Photos and videos. A world of stylish and different umbrellas in Japan

Traditional umbrellas range from those of paper and bamboo to the transparent plastic available at convenience stores and other places, in this article we look at how the Japanese handle the rain and heat of the sun.

During the rainy season in Japan, an umbrella is often a daily necessity for many people when they leave their homes. The wet period usually lasts from early June to mid-July, followed by the sweltering summer heat, when a canopy becomes a common sight. In recent years, the all-weather umbrella has become increasingly popular, both for protection against rain and to avoid the scorching sun.

Some passers-by wear umbrellas to protect them from the sun.  (Jiji Press)
Some passers-by wear umbrellas to protect them from the sun. (Jiji Press)

protective umbrellas

(Show Selection), one of the Japanese companies known for its umbrellas bearing the (Waterfront) brand, is one of the many effective companies in the market, which strives to achieve continuous development in use and ease of use to great popularity in the markets. For example, there are folding sunscreens that open and close automatically, have foldable folds, or have certain features or marks that make them stand out from the rest. There are also umbrellas that are lighter in weight than a cell phone. Manufacturers also focus on the materials used in manufacturing, and use fiberglass and stainless steel to improve durability and waterproofing to prevent hands from getting wet when folded after use.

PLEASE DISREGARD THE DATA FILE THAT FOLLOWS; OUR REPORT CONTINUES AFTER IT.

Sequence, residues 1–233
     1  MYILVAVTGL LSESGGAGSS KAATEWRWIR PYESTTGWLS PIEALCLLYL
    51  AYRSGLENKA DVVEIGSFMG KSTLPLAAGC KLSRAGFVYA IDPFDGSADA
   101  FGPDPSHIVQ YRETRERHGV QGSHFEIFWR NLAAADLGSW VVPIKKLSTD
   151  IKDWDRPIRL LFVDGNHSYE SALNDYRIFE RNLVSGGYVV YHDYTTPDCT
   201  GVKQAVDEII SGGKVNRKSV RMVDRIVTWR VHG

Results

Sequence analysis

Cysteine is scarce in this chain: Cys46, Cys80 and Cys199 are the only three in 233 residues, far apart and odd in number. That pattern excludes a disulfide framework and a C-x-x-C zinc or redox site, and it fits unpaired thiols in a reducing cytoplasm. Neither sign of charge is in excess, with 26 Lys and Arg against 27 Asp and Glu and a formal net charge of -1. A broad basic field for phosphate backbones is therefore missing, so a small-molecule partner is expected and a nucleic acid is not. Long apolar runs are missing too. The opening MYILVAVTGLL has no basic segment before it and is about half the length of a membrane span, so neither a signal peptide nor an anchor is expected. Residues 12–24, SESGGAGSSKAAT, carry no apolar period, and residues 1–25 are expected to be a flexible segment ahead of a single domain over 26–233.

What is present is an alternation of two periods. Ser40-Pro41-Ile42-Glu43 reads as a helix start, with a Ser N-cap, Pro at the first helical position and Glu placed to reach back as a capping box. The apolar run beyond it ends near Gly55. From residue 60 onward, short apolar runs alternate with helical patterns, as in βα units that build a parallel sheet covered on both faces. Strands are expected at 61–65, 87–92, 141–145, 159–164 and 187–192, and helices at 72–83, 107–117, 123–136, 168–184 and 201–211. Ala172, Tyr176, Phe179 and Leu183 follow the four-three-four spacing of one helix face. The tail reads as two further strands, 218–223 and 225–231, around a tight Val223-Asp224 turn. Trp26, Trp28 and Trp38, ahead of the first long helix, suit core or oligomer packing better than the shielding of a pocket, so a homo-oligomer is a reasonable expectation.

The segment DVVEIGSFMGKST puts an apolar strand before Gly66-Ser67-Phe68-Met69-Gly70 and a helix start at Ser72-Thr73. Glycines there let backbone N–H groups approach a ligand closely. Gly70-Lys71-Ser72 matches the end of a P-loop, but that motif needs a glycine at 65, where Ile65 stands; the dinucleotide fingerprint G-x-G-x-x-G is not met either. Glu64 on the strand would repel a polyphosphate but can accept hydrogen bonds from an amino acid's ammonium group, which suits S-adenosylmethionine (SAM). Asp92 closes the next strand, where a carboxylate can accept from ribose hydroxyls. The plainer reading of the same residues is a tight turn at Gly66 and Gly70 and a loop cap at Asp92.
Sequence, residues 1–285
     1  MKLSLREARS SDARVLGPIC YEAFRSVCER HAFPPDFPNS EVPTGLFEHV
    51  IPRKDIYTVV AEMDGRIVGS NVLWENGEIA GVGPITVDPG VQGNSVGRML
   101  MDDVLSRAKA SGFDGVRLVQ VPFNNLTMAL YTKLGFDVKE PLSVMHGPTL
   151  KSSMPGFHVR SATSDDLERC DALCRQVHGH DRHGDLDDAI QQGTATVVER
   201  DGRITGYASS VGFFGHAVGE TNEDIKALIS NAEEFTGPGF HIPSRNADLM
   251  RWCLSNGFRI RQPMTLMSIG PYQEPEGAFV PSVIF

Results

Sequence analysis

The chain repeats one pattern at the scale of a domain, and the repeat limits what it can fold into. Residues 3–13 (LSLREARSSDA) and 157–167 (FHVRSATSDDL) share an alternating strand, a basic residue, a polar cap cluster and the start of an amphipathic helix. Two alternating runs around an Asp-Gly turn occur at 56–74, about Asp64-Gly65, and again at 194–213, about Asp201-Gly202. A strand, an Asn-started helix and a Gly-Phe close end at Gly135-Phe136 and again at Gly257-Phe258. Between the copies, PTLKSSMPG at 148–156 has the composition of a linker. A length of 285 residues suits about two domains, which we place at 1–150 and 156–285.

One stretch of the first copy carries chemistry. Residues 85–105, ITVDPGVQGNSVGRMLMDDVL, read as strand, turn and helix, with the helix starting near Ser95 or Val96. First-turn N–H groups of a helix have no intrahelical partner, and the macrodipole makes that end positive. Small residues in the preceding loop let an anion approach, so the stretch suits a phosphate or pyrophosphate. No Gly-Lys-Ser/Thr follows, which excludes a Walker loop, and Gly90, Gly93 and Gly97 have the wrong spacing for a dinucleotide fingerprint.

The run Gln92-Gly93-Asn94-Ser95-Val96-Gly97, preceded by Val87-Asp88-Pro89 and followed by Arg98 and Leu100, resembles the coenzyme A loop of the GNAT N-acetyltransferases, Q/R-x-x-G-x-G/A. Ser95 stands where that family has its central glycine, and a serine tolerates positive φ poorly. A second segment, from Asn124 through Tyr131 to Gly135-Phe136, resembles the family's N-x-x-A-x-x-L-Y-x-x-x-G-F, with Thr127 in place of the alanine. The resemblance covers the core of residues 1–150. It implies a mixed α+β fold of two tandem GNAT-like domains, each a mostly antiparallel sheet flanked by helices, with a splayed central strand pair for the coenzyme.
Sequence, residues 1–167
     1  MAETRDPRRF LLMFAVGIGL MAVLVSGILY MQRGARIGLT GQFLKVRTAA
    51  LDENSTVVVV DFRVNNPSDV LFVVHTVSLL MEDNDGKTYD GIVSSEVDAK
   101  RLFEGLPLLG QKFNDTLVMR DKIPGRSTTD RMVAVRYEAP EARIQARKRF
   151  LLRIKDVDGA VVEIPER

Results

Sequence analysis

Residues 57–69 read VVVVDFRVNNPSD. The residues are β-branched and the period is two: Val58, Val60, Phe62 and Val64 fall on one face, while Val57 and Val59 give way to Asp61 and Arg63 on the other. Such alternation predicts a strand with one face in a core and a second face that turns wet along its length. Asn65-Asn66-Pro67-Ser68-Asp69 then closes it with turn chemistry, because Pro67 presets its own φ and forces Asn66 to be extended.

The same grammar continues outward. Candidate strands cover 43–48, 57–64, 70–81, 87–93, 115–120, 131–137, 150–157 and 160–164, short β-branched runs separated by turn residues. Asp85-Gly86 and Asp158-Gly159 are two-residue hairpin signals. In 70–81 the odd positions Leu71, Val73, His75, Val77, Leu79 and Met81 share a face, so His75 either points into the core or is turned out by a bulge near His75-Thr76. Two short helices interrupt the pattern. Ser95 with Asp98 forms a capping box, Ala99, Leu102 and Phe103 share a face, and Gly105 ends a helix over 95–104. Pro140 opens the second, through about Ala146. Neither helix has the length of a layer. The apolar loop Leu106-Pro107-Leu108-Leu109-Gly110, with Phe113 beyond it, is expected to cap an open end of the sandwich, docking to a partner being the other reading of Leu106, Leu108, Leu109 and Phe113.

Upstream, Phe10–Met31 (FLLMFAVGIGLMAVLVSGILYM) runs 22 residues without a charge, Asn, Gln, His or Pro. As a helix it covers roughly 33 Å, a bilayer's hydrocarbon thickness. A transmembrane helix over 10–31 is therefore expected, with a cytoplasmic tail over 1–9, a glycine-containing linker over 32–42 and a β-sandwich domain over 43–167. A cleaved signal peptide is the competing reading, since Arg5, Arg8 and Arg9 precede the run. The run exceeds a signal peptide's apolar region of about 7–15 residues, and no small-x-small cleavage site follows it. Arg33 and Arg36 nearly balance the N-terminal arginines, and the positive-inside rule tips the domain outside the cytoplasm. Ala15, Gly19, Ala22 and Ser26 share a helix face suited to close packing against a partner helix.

One of the videos of a folding umbrella that automatically opens and closes, with a marker that allows you to distinguish it from the rest of the umbrellas.

    The silver outer layer provides additional protection against heat and UV rays.  When folded, the wet side goes in, to prevent hands or bag from getting wet.
The silver outer layer provides additional protection against heat and UV rays. When folded, the wet side goes in, to prevent hands or bag from getting wet.

    One of the umbrellas weighs about 100 grams, less than the weight of a cell phone.
One of the umbrellas weighs about 100 grams, less than the weight of a cell phone.

Umbrellas that protect against more than 90% of UV rays are now widely available. The black interior also enhances protection from heat, as well as protection from rays that move through the ground and reflect on the user’s face.

Umbrellas were sometimes a luxury item sold mainly to women in department stores, but the lower prices made it more attractive to young men. The Department of the Environment has also recommended it in men as a way to protect against sunburn, and therefore more umbrellas are sold to men. Some fashionistas have made choices to suit different occasions, but in recent years there has also been a trend to choose foldable umbrellas with distinctive features.

Umbrellas of different shapes and colors.
Umbrellas of different shapes and colors.

Raise the mood